James Marsden, Marcia Gay Harden Join Michael Keaton in Noir Thriller ‘Knox Goes Away’

James Marsden, Marcia Gay Harden, Suzy Nakamura and Al Pacino have joined Michael Keaton in Knox Goes Away, a indie noir thriller that also serves as Keaton’s directorial debut.

The feature is coming off the end of principal photography and hails from Brookstreet and Sugar23. Brookstreet’s Trevor Mathews and Nick Gordon and Sugar23’s Michael Sugar and Ashley Zalta are producing. Keaton is a triple threat with this movie as he also produces on top of his in-front-of and behind the camera duties.

According to the production, Keaton is playing John Knox, a contract killer who is diagnosed with a fast-moving form of dementia. He vows to spend his final days attempting to redeem himself by saving the life of his estranged adult son (Marsden). He finds himself in a race against the authorities as well as the ticking clock of his own rapidly deteriorating mind. 

Gregory Poirier wrote the script.

Additionally, Keaton, who this year won an Emmy for his performance in the Hulu limited series Dopesick, recruited a couple of actors who appeared with him on the show including Ray McKinnon and John Hoogenakker. Also in the cast are Joanna Kulig and Lela Loren.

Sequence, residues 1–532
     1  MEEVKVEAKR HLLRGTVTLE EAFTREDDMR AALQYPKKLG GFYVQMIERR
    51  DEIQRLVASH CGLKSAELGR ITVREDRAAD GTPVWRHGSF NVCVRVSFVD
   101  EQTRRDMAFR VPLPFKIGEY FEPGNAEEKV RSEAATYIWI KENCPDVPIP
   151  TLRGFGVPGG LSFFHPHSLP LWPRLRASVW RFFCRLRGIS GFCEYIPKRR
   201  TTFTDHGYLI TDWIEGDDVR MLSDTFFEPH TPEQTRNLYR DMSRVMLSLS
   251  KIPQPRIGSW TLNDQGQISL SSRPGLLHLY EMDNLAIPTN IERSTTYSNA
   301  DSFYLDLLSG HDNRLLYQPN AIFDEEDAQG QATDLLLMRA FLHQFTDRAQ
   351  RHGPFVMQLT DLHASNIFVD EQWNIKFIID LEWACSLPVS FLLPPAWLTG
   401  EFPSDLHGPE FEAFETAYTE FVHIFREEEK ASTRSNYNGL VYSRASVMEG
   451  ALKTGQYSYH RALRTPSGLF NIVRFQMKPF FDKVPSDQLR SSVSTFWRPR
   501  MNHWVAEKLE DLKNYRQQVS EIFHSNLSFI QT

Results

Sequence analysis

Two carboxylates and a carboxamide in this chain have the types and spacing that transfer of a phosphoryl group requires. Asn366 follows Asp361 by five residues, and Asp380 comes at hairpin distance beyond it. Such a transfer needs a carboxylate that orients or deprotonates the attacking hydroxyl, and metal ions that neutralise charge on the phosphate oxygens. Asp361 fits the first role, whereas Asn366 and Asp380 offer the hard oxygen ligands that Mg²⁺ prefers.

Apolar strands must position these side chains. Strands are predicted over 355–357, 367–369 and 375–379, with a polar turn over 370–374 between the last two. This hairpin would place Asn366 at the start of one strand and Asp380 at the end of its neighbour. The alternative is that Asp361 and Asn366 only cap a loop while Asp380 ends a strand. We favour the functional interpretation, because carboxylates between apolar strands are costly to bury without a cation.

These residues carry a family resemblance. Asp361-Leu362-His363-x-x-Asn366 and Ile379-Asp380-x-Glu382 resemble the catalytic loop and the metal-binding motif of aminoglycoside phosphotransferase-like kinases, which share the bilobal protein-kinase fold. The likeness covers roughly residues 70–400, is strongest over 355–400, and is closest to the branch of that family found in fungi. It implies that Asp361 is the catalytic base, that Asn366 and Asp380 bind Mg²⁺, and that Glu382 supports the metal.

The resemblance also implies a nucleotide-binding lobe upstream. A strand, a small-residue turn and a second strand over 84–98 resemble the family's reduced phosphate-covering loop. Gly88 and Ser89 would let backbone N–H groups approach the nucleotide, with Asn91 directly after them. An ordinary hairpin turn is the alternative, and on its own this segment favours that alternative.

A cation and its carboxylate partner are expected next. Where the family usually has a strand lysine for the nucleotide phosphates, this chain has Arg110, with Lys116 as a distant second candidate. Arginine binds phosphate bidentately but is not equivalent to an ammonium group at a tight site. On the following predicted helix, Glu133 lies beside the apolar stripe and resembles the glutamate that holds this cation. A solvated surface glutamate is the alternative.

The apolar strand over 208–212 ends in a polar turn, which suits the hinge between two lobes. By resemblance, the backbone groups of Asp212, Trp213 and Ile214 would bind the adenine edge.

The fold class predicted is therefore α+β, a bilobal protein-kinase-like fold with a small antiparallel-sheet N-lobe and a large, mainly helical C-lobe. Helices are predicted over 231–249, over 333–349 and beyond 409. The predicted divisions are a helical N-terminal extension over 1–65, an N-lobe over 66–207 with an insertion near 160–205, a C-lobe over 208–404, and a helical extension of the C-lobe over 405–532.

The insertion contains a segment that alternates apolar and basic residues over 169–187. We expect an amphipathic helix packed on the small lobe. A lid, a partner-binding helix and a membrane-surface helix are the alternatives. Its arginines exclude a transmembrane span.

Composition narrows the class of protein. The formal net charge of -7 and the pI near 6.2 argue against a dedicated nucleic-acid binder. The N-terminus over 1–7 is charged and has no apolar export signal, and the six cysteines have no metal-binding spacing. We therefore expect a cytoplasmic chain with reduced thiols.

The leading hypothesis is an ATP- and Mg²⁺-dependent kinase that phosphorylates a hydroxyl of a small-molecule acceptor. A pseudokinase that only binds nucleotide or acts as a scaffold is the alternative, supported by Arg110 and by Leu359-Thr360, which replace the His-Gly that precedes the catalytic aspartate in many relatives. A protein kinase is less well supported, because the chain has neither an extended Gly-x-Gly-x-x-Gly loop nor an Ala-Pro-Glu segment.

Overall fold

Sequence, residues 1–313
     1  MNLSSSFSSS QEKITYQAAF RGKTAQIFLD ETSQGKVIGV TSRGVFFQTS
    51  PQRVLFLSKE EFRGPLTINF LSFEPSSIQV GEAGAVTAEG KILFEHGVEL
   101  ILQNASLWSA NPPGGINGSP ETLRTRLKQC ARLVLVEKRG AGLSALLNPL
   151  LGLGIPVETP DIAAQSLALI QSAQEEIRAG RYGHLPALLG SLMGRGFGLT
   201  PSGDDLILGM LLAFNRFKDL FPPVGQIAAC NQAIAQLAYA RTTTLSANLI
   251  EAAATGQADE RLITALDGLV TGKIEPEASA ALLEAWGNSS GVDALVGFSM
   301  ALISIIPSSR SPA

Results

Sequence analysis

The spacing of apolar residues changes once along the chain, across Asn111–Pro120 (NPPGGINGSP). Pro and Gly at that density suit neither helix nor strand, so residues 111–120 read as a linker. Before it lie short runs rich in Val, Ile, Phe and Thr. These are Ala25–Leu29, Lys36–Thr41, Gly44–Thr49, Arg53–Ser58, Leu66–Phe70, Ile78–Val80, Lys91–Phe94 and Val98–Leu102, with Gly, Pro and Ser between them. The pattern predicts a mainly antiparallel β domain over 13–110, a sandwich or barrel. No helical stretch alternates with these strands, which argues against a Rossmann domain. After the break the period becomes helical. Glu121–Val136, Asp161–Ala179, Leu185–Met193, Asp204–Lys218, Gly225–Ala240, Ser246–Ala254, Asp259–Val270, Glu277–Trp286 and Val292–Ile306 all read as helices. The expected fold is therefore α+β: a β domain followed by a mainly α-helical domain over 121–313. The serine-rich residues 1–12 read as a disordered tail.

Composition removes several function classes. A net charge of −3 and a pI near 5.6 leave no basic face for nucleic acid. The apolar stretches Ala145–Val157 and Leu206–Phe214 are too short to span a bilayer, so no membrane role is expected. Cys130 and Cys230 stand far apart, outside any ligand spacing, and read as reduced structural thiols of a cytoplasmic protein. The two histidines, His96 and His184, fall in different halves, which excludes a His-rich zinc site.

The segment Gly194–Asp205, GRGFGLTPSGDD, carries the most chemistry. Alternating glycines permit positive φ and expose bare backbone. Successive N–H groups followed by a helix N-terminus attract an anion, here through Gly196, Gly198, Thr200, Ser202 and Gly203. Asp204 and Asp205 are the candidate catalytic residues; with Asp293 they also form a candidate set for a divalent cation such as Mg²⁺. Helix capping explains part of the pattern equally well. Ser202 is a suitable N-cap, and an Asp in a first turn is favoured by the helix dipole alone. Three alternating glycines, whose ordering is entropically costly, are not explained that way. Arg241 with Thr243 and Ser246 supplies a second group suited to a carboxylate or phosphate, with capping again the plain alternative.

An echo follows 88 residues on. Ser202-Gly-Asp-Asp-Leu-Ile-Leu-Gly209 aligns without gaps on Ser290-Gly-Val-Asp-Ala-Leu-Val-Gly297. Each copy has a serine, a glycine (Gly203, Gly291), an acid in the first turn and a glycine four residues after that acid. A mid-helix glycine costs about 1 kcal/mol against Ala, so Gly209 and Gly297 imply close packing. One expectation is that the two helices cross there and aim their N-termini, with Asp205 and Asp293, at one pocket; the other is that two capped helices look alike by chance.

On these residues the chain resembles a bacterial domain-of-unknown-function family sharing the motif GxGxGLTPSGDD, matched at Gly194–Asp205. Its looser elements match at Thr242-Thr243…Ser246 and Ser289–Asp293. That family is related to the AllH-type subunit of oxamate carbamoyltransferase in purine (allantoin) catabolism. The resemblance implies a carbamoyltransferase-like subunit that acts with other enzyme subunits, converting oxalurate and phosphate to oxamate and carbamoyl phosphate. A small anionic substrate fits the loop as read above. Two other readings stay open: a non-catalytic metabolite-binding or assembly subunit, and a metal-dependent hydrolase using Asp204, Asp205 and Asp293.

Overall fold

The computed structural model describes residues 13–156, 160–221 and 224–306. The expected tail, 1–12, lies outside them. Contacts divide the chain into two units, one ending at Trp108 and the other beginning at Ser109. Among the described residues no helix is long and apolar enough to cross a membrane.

Executive producing is Carter Stanton for Brookstreet and Jillian Kay for Sugar23. Director of photography Marshall Adams, production designer Bill Arnold, costume designer Michele Michel and editor Jessica Hernandez lead the below-the-line crew.

Brookstreet Pictures is financing alongside Three Point Capital, with Viviana Zarragoitia, Ali Jazayeri, David Gendron and Michael Hansen also executive producing. 

Film Nation is repping international rights while CAA Media Finance and Verve Ventures rep the U.S. rights. 

Marsden is one of the stars of Netflix’s hit dramedy, Dead to Me, and is coming off a turn in Disenchanted, Disney+’s sequel to the the 2007 comedic fantasy, Enchanted.

Harden, who won an Oscar for 2000’s Pollock, appears on The Morning Show and Netflix’s Neil Patrick Harris comedy Uncoupled.  

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